A researcher at the University of Portsmouth in England wanted to know what specific factors contribute to people feeling as though they are thriving in this life rather than merely surviving. Until now, and despite plenty of theories, there has been no agreement on what makes a person thrive or on how people can try and ensure that they will.
Researcher Dr. Daniel Brown, a sports and exercise scientist, pulled data from a large variety of studies on thriving: from babies to teenagers, artists, athletes, employees, and the elderly.
He finally came up with the first definitive catch-all: Thriving in this world could be as simple as feeling good about life and yourself and being good at something. From a teenager studying for their exams to an employee succeeding at work, thriving can be seen at all ages and across all cultures.
“Thriving is a word most people would be glad to hear themselves described as, but which science hasn’t really managed to consistently classify and describe until now,” said Brown.
“It appears to come down to an individual experiencing a sense of development, of getting better at something, and succeeding at mastering something. In the simplest terms, what underpins it is feeling good about life and yourself and being good at something.”
The study outlines a “shopping list” underlying Brown’s definition. To thrive doesn’t need all the components, but he suggests a combination of some from each of the two following lists may help:
- spiritual or religious;
- someone who enjoys learning;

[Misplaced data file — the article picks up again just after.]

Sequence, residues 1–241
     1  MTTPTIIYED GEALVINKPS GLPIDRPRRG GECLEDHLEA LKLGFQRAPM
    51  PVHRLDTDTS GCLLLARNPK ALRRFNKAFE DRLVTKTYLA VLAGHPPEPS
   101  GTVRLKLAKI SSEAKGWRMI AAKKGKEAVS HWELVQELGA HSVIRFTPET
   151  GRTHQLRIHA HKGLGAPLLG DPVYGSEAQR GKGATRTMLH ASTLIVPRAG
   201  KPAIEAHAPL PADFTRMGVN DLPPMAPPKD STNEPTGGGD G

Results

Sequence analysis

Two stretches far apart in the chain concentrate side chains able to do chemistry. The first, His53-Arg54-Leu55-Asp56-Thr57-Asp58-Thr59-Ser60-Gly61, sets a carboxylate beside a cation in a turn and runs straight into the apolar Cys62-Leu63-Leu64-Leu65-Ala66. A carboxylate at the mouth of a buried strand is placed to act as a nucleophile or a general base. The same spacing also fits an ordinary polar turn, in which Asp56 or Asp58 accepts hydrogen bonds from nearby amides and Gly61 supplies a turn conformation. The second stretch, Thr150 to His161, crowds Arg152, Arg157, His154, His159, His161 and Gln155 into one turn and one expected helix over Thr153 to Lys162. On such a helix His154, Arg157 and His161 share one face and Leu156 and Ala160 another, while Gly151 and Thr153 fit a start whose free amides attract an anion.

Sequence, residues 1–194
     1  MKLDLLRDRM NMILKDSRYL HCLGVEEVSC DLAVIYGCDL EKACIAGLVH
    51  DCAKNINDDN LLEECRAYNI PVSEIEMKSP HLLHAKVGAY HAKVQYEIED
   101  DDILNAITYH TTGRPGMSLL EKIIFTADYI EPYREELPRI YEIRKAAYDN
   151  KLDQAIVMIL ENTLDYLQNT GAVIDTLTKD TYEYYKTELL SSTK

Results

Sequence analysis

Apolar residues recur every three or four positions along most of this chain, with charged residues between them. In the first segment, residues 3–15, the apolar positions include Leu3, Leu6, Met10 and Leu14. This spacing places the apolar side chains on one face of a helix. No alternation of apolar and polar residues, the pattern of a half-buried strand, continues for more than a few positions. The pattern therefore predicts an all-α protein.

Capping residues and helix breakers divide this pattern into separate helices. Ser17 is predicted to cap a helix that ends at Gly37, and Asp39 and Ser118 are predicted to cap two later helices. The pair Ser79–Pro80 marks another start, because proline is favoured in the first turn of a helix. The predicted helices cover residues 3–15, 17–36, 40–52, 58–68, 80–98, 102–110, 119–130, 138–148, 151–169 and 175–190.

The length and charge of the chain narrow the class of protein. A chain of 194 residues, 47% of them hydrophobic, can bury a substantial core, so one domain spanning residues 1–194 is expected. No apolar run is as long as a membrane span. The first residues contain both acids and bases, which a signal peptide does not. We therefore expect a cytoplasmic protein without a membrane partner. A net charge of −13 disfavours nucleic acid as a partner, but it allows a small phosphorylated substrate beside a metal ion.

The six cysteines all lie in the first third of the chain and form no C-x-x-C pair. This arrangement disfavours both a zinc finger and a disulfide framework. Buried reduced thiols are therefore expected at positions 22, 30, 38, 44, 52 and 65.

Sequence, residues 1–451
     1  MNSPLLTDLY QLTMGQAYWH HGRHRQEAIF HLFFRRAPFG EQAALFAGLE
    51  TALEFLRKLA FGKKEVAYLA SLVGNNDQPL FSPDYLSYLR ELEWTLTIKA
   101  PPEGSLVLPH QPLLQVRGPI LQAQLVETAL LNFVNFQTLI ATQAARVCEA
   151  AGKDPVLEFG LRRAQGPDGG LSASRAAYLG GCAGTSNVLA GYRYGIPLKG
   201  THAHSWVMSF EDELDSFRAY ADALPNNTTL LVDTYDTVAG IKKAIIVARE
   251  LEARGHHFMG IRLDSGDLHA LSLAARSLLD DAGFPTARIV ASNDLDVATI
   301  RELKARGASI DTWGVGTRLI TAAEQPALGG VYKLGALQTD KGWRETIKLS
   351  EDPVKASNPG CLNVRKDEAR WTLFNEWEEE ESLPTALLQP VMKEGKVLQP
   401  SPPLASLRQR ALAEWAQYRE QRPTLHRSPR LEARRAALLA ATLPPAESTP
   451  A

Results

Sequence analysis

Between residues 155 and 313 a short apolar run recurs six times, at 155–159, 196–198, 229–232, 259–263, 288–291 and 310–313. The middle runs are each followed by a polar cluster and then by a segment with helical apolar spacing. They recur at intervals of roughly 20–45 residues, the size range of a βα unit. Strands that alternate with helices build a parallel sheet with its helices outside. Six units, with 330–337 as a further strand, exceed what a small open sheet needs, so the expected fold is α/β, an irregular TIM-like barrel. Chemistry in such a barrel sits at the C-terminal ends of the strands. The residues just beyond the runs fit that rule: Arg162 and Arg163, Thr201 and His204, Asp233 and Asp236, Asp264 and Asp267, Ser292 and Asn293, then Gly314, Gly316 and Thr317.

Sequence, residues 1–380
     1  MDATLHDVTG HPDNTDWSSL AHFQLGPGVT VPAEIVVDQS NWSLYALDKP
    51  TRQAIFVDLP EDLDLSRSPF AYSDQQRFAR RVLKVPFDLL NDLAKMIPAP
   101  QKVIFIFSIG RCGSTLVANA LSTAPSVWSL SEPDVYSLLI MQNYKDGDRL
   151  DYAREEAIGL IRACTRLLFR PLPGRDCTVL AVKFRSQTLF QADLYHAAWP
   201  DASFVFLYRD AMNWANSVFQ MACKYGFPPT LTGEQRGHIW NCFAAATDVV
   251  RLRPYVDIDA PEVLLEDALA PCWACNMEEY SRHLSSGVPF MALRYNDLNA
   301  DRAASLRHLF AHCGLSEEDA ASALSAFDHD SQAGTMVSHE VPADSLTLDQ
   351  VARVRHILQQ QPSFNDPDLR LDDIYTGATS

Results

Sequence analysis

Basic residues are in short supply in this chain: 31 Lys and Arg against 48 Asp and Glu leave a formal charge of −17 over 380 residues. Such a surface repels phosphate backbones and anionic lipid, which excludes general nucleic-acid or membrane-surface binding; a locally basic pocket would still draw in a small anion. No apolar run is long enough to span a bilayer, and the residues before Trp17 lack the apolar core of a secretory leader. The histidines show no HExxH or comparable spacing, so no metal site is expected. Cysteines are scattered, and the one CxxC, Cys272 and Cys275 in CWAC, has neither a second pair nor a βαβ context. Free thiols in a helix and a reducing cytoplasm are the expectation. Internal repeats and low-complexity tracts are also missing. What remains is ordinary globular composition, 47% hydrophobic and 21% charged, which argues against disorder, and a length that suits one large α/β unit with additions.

- socially competent;
- believes in self/has self-esteem.
- employer/family/other support;
- challenges and difficulties are at manageable level;
- environment is calm;
- is given a high degree of autonomy;
- is trusted as competent.
Previous studies have shown that though thriving is similar to resilience, prospering, or growth, it stands alone. The act of thriving has been studied at various stages of human life and has at times been described as vitality, learning, mental toughness, focus, or combinations of these and other qualities. It has also been examined in various contexts, including in the military, in health, and in child development.
“Since the end of the 20th century, there has been a quest in science to better understand human fulfilment and thriving, there’s been a shift towards wanting to understand how humans can function as highly as possible,” said Brown.
“Part of the reason for a lack of consensus is the research so far has been narrowly focused. Some have studied what makes babies thrive, others have examined what makes some employees thrive and others not, and so on. By setting out a clear definition, I hope this helps set a course for future research.”
Brown’s findings trigger six ideas for future research, including the need for close examination of what enables thriving, and whether thriving has any lasting or cumulative effect on individuals.
Brown conducted the research as part of his Ph.D. studies at the University of Bath in the U.K. His primary supervisor, Dr. Rachel Arnold, an expert in the psychology of performance excellence, is a co-author of the paper.
The study is published in the journal European Psychologist.
Source: University of Portsmouth